In the higher education world, IT systems and services are more vital than ever for institutions to achieve their goals and satisfy their missions. One vital system in particular is the institutional website. This technology is the online presence for an institution and has become an extraordinary tool for reaching current and prospective students, parents, and alumni and helping them connect with the respective college or university. Without this tool, most institutions would suffer greatly in their efforts to recruit and retain students and build long-term relationships.
According to a 2009 Noel-Levitz E-Expectations study, 88 percent of prospective students were reported as saying they would be disappointed or drop a college or university from their list if that institution's website was not current or did not provide them with the information they need. This just confirms with most institutions' internal reports that illustrate the need for an updated, accurate web presence to serve their key audiences. And this statistic is only increasing as prospective students become more aggressive in their search for a post-high school education.
The web has become much more than a place where visitors can view information about programs and campus life. It has become an interactive tool that not only offers information but also allows for communication with site visitors in the form of communities. For many institutions, it has become the central hub for communications outreach, utilizing a variety of outputs such as RSS, XML, mobile devices, and social media applications. More and more, content and communications on the web are being served through alternative platforms and systems. A leading example is the rapid growth of mobile computing in higher education. The higher education web system clearly has become a vital strategic asset.
For anyone currently involved in the web world, cloud computing definitely has been getting its share of attention. Whatever the belief, cloud computing is becoming a viable solution for many technology needs throughout higher education, including an institution's web presence. It allows institutions to achieve their strategic web goals of doing more with less and doing things better and faster.
With cloud computing, applications essentially reside in the "cloud" (better known as the internet) rather than on local machines. This form of computing helps minimize hardware and software acquisition, management, and maintenance costs for an organization because the application provider manages all the hardware and software and delivers their applications as a service over the internet. Software as a Service (SaaS) is a type of cloud computing that allows customers to license enterprise-level software that is deployed through the internet and supported by experienced and reputable solution providers.
Utah Valley University (UVU) turned to a SaaS solution for a web content management system (CMS) to help achieve its strategic web goals and better control budget expenditures. Implementation of the CMS led to the ultimate success of the entire Web Development Services (WDS) group at UVU. Along the way, they realized cost, technical, management, and other SaaS-related benefits.
Cloud computing allows institutions to achieve their web goals of doing more with less, better and faster.
Another example of a cloud computing solution is Google Analytics, which allows institutions to track and analyze the traffic and visitor patterns on their websites. E-mail service is also an extensively used cloud computing technology. Many people have an e-mail account in the cloud that is seen as a viable, stable, reliable solution for specific communication needs. Suffice it to say, cloud computing is here and many people use it without thinking twice.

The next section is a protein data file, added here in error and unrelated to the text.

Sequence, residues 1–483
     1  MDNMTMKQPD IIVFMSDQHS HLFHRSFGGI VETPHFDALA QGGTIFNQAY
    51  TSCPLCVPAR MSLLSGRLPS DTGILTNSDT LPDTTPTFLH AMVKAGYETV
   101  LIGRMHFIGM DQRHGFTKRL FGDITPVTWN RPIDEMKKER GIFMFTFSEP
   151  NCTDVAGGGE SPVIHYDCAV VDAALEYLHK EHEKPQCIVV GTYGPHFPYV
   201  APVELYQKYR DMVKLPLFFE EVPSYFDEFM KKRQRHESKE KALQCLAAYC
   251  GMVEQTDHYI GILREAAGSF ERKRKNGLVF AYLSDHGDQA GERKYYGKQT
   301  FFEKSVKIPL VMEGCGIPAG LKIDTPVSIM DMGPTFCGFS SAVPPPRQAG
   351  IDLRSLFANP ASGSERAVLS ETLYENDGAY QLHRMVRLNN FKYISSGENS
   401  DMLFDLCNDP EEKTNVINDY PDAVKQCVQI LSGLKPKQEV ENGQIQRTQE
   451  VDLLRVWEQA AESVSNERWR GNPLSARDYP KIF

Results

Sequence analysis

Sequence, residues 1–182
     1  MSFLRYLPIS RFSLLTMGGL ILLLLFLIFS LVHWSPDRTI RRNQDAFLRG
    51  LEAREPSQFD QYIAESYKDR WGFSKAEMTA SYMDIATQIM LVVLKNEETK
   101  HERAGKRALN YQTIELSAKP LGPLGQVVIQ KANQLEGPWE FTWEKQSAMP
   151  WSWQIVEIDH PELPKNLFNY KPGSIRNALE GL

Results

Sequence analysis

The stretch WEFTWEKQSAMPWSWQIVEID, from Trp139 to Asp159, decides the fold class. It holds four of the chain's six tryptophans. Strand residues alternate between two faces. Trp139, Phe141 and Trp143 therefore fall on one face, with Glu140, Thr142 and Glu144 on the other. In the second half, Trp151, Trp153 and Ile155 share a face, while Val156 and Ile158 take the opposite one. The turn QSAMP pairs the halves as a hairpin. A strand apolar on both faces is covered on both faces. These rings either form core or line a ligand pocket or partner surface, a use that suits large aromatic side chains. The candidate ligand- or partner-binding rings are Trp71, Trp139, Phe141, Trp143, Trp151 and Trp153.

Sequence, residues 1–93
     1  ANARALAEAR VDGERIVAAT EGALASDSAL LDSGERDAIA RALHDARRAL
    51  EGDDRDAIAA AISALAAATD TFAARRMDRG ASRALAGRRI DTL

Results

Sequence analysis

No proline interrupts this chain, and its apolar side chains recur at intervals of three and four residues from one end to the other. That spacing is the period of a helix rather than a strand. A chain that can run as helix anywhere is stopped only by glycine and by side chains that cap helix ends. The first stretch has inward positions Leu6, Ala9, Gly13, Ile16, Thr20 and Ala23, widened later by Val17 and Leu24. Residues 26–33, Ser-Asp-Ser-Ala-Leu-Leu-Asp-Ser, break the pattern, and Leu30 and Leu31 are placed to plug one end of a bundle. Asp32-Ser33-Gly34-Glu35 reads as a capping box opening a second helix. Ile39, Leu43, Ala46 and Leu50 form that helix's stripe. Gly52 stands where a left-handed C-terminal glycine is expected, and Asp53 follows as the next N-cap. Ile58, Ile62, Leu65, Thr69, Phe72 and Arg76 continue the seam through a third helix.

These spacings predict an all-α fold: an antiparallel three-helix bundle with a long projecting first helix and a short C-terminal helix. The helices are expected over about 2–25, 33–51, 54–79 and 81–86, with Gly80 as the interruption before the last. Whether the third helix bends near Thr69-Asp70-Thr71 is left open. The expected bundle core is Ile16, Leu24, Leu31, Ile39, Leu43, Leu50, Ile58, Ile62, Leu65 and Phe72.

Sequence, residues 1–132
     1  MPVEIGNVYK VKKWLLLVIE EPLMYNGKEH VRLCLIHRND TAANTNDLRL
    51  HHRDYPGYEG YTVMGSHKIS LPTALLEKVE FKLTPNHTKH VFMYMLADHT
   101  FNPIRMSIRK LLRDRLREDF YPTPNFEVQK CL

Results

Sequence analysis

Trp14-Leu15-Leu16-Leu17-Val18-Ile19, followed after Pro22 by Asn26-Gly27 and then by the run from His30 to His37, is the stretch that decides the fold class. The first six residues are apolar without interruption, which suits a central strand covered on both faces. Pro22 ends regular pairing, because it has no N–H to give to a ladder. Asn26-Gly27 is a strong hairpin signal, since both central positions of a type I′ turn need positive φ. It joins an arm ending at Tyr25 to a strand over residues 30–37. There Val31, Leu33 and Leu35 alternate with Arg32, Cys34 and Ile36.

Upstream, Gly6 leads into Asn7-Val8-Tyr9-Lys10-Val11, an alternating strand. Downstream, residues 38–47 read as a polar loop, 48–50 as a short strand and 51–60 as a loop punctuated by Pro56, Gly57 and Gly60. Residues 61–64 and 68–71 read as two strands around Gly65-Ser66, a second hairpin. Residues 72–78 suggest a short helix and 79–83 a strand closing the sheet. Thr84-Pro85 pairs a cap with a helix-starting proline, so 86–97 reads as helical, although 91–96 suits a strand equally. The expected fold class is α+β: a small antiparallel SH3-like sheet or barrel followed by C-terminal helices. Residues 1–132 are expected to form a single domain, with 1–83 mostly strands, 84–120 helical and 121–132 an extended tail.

It is a natural progression for colleges and universities to look to this type of technology solution to solve their technology and budgetary needs. In many cases, cloud technologies have helped institutions expand their web systems to meet audience expectations and keep within new resource constraints. As with any solution, one must determine if it is right for their needs and meets their criteria for success.
Historically, IT departments have opted for local installation and implementation of most services. This has been the typical hardware/software model of implementing technology. It is sometimes perceived that having a traditional hardware/software solution can grant the IT department greater control, security, and reliability. However, in many cases, cloud solutions are just as secure, just as reliable, and still give the IT department the control that is desired and required. Cloud computing is becoming the norm for many services such as website traffic stats, e-mail, and social media solutions.
A web CMS is an example of a system that can be deployed using the traditional hardware/software model or as a SaaS-based solution. A web CMS allows the content of your website to be maintained and updated by many individuals and generally eliminates the need for content contributors and editors to be web development or programming savvy. Such a system enables the technology layperson to create, maintain, and update information on their website without the use of technology tools typically used by web developers and programmers. Web CMS solutions have become vital mainstream systems for many higher education web groups over the past several years.
A SaaS-based CMS leverages the power of the cloud to provide a fully functional CMS solution to the institution, often with improved speed and performance. It allows the institution to free up its resources and man-hours from server purchases, hardware maintenance, and upgrading. Essentially, the cloud-based solution does the heavy lifting associated with an enterprise-scale CMS, because responsibility of managing it is on the vendor. It allows the institution to reallocate those freed resources and man-hours to other web needs.
Traditional CMS solutions require multiple servers to be housed locally at the institution. In most cases, this is a three-server solution: staging server, database server, and production server. In some cases, a fourth server is added to the system for publishing the content to the production server in some scheduled manner. To compound the solution further, most institutions must then duplicate that hardware to create a fully functional test system to allow for offline testing of upgrades, maintenance issues, and database services. These servers typically are fairly large and powerful boxes. This can equate to an ongoing financial requirement for upgrade and maintenance of the hardware. Along with that responsibility, there is the fiscal requirement of dedicating man-hours to the management of these boxes.